Assemble a packet of your pet’s identifying documentation, including veterinary records and contact information, microchip data, evidence of vaccines and current photographs. If your pet has specific veterinary needs, like an ongoing medical condition, make a note of that. Behavioral issues, like dog aggression, should be listed as well. If you get separated from your pet, this information could be lifesaving.

Now put together a second one.

Keep one set of information in your vehicle with emergency evacuation supplies, and keep another in a safe place — like a waterproof bag taped to your pet’s carrier. This information can help shelter personnel take care of your pet and give you peace of mind.

3. Ensure a Cozy Carrier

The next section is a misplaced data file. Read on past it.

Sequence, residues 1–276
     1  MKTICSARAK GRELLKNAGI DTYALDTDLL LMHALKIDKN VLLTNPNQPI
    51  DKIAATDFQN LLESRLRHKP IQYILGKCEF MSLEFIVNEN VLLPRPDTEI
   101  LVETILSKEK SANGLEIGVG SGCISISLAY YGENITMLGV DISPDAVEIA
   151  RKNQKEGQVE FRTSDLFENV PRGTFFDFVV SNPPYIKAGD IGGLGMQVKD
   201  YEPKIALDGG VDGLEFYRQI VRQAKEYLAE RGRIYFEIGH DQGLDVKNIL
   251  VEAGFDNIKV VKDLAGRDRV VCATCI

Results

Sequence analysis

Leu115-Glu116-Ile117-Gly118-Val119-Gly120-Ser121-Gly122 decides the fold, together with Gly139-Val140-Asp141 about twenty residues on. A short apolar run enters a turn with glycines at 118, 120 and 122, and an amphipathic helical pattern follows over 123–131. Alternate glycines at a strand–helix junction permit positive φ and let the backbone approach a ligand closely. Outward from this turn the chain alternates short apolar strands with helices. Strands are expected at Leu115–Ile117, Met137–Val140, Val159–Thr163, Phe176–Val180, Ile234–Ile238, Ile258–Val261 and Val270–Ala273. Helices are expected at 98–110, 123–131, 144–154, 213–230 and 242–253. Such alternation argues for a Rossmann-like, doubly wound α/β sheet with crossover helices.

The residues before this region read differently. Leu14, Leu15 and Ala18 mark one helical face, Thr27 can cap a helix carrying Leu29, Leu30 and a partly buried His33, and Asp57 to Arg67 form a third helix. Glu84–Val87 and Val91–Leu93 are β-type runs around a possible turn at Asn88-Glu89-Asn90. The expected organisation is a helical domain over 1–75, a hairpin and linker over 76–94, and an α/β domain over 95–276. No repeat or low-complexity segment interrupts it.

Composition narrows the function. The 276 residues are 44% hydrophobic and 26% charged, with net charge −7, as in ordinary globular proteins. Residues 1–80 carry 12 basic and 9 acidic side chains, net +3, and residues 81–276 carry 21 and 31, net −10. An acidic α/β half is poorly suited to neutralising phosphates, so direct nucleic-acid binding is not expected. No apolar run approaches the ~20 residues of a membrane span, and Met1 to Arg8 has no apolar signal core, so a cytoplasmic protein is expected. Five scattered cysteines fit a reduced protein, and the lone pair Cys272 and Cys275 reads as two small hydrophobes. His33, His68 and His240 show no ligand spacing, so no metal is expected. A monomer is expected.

Make sure your small animals — bunnies, cats and dogs — are comfortable with their carriers. Some pet parents leave carriers or crates out all the time, so pets think of them as a natural part of the landscape — or even a safe place to hide. That way you can scoop your pals up quickly if there’s an evacuation order. Remember that floodwaters and fire can move rapidly and  unexpectedly, so don’t assume there’s time to fish a carrier out of the attic “if things start to look bad.”

4. Create a Travel Plan

If there’s an evacuation order or you need to voluntarily leave your home, where will you go? Do you have friends out of the danger zone you can stay with? Are they prepared to house your animals? Do you know how to get there? Do you have a backup plan?

If you’re counting on a shelter, do you know where to find them within your community? Do they accept animals?

5. Consider Exotics and Livestock